Moose hunting season typically opens in August and closes in late September. Hunting is divided into “open” harvest areas, and “permit” only areas. Open areas allow any hunter with a valid hunting license and moose harvest tag the opportunity to hunt. A hunter must win a tag though a lottery to hunt the permit-only areas. 

Open areas within the Mat/Su Valley limit the harvest to one bull with spike fork or 50-inch antlers, or three or more brow tines on one side. Harvest restrictions for the permit hunts vary but typically follow these same harvest guidelines. Some permit hunts allow the harvest of antlerless moose. 

The Alaska Department of Fish & Game (ADF&G) estimates the moose population in GMU 14A & B is somewhere around 8,000 animals. Annual harvest varies year to year but was around 500 moose per season in the early 2000’s. 

Moose numbers in GMU 16 have declined in recent years but are thought to total 6,500 animals. Annual harvest was approximately 388 moose in the first 5 years of the 2000’s. Declining moose populations in GMU 16 are attributed to harsh winters, increase predator populations, and an increase in hunting pressure.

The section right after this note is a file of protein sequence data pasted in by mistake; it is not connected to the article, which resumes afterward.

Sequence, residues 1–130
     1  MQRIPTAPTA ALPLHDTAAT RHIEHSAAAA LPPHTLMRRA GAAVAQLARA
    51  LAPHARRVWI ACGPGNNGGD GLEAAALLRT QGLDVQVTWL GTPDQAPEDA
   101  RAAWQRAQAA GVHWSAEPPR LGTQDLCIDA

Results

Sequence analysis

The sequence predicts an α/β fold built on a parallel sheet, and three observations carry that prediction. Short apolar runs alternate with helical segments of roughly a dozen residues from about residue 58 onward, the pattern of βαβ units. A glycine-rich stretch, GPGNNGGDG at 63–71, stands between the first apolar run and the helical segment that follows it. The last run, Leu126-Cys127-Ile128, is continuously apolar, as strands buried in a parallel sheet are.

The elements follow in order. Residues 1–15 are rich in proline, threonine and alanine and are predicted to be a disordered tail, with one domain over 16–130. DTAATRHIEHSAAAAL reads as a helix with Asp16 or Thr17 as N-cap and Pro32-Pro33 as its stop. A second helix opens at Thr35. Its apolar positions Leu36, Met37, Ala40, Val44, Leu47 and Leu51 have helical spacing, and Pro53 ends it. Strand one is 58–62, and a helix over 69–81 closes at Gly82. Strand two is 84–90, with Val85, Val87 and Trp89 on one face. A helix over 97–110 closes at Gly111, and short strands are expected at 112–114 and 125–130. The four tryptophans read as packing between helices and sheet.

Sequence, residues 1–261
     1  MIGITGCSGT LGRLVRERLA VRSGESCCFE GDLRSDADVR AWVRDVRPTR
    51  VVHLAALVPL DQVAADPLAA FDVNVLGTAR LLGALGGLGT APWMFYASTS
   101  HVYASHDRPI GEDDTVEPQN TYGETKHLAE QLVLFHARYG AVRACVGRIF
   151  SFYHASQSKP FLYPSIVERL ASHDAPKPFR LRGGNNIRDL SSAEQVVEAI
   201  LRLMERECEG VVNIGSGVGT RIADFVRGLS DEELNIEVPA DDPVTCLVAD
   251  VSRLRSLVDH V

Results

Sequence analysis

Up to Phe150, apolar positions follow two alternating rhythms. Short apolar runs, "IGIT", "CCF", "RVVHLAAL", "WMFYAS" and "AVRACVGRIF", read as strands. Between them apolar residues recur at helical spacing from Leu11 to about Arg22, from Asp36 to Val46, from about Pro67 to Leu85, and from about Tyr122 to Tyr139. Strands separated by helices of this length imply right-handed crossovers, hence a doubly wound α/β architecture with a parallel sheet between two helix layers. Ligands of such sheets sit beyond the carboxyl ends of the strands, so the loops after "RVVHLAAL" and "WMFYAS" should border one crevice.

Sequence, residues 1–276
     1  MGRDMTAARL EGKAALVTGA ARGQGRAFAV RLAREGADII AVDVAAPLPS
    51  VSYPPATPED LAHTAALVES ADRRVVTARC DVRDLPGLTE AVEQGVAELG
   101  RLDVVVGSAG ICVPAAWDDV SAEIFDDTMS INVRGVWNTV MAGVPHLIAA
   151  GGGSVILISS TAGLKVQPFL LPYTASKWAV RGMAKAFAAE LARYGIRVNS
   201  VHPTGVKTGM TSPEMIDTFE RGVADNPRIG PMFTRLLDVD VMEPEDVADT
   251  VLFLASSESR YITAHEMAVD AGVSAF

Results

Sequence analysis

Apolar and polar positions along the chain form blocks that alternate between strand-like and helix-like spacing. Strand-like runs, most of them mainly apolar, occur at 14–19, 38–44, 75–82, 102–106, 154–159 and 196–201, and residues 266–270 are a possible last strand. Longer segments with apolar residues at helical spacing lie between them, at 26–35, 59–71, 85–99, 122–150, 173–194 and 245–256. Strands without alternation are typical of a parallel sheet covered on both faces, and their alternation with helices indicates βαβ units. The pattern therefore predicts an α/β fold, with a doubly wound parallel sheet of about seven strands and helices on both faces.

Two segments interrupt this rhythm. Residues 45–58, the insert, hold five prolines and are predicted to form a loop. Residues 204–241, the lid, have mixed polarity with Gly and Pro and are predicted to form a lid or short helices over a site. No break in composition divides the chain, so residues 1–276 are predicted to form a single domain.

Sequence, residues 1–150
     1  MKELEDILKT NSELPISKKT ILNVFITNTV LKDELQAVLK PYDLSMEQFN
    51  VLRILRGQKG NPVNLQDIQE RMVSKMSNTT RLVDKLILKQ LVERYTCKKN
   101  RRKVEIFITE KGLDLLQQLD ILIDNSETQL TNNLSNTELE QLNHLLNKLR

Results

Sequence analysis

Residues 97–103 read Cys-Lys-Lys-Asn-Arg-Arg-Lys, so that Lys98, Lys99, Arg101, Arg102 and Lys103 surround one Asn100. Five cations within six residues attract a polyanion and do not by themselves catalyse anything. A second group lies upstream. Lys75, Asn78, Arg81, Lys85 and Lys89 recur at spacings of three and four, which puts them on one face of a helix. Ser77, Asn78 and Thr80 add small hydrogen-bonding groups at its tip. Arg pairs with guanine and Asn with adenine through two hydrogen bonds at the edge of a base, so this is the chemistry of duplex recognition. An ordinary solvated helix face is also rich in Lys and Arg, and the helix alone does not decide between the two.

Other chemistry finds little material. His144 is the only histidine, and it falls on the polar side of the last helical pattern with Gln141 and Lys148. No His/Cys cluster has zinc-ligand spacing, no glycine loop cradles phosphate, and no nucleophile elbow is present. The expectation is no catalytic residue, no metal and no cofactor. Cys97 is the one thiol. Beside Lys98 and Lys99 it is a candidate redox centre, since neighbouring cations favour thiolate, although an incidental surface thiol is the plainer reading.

Caribou

There are two caribou herds located in the Mat/Su Valley: the Nelchina herd and the Rainy Pass herd. 

The Nechina herd population was estimated between 35,000 and 40,000 animals in the early 2000’s is distributed throughout several GMU’s. A portion of the herd is located in a remote region of the Talkeetna Mountains in GMU 14B. Access is usually limited to aircraft. Hunting has been by permit only. Approximately 60 tags have been issued annually for this hunt in recent years. Hunters that draw a permit can take either sex. Hunting season opens the second week of August and closes third week of September. Because of limited hunting pressure, the trophy potential for his herd is moderate to high.